Tips Photographing Snow

With the snow starting to fall again, I thought it was the ideal time to put up some posts about Tips  photographing snowy winter wonderland. One of the questions I often asked is “how do I record the snow as a pristine surface with no shadows, foot prints, bumps lumps etc?”.

Well you’ll be pleased to know there are no tricks to it and nothing to do with Photoshop it all depends on the light and the quality of the light. (read article about The Importance of Light in Photography) My absolute favourite conditions to photographing snow are usually late in the day and when there is a fully overcast sky, the stormier the better. On a fully overcast day there are no shadows cast and this is the simple secret to getting the smooth flat snowy surface, in fact if there is any light sources illuminating the snow, whether the sun or a street lamp it will create shadows due to the lumps and bumps in the snow.

Another consideration is the aperture used and even the height the photo is taken from.When  photographig snow, i take a shoot using the tripod at head height and a generally shot at a wide aperture such as f2.8 or f4, focussed on my point of interest such as a tree. I do this for a number of reasons… as the camera is higher off the ground the fine detail in the snow is not visible due to the height and the wide aperture ensures that there is a softness on the objects closest to the lens. The opposite effect would be shoot with the camera maybe 30cm of the ground and at f22, you would then see detail in the snow, although this is exactly what I am trying to avoid.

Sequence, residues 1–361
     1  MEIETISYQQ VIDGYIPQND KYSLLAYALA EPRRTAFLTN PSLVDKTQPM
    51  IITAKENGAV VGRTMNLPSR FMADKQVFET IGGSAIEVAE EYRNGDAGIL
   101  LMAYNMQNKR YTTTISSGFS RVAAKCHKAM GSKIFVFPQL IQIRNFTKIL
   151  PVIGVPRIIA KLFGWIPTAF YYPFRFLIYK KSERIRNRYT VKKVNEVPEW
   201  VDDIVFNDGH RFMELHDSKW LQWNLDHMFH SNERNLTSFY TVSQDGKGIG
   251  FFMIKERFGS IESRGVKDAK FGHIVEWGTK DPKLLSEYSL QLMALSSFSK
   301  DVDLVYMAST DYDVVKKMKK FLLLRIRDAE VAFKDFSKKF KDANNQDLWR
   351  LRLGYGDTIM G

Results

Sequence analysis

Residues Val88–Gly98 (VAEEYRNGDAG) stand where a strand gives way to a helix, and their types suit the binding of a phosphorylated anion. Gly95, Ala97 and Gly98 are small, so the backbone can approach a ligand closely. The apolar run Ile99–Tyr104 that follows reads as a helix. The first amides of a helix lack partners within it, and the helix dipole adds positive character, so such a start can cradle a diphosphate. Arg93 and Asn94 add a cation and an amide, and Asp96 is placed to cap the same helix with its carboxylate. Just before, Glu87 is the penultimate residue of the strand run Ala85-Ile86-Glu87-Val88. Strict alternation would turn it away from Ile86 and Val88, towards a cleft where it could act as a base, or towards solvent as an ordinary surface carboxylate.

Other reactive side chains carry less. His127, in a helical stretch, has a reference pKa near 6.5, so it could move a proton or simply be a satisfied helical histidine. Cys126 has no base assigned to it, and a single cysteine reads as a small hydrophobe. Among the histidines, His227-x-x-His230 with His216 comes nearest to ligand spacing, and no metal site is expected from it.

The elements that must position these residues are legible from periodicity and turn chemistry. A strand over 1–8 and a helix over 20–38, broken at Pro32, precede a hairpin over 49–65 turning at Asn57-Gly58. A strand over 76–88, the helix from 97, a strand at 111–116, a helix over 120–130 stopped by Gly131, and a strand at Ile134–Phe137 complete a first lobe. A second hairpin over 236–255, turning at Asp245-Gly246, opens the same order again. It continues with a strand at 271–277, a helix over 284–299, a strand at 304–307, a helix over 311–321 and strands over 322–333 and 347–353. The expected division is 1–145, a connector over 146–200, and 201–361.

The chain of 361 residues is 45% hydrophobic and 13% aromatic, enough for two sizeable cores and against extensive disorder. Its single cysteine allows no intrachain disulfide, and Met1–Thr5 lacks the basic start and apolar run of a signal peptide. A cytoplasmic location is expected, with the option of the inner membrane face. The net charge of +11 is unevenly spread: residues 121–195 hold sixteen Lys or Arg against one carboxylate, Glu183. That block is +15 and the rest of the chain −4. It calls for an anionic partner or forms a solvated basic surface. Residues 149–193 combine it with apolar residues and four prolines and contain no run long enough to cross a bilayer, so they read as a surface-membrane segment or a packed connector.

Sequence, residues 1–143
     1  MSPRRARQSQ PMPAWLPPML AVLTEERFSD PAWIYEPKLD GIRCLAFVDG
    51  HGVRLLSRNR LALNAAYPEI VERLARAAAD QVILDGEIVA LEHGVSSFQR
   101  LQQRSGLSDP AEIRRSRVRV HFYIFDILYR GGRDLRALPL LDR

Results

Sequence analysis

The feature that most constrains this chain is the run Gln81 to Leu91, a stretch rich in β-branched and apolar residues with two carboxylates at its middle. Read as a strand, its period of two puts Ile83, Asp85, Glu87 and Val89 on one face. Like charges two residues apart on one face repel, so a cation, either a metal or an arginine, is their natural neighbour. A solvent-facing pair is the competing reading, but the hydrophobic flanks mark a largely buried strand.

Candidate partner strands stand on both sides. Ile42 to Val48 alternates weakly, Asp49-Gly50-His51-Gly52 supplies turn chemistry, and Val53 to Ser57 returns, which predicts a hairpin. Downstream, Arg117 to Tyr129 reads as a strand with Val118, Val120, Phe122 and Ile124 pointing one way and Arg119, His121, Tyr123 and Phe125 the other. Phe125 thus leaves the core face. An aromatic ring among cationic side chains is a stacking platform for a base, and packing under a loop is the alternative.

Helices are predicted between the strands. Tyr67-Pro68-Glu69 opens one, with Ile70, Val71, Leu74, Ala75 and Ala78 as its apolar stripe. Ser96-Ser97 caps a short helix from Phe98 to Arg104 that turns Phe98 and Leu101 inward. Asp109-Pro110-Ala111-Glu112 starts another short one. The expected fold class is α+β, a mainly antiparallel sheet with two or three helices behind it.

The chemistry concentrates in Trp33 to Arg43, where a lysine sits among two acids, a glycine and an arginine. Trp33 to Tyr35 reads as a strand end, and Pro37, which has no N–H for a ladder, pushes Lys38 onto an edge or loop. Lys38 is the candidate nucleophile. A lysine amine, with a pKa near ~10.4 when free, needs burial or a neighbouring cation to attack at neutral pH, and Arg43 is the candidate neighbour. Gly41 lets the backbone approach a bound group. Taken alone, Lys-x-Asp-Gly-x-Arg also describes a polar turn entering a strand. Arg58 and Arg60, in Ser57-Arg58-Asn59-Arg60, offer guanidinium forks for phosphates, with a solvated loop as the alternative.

The photo shown above is taken just a few miles from my house so I don’t have to venture too far in the worst of weather to find some potential snowy subjects. The shot was taken about 15:00 so the light had already started to fade and with a dark stormy sky the conditions were ideal. I got the smooth white snow I was after and another effect I particularly like is the sky to be darker than the snowy foreground. 

The second example above was taken again very near home and in easy walking distance irregardless of what the road conditions and weather are up to, I think during winter snowy winter conditions it is an ideal time to explore and photograph pretty much in your back yard, well at least a few miles in each direction.

This photo was actually taken on a nearby golf course that had various groups of trees that were ideal subject matter although I was really interested in these five saplings and how different each one was. It was already getting dark when I took this shot so I used a low vantage point to hide the lights from some houses a few miles away. The flat grey sky and the low light meant that the sky and the snow were the same brightness which allows a very minimalist image with just the stark silhouettes of the five trees to break up the high key scene.

The final example above was taken a little further away from home, in fact is was taken halfway around the world in Japan. The same rules apply as with the photos above, there was very little direct light from the sun although it did occasionally appear through the clouds so I had to wait until it was hidden in order to get the smooth snow effect. The sky was nice and overcast with a mixture of dark and light clouds which give a nice contrast compared with the smooth bright snow.

With all these photos each has a single point of interest whether a single tree or even a copse on a distant hill, the rest of the scene is almost empty just snow and sky creating a tranquil, peaceful result. Stay tuned for a update tomorrow where I look at creating ultra minimalist photos in the snow.

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By Mark

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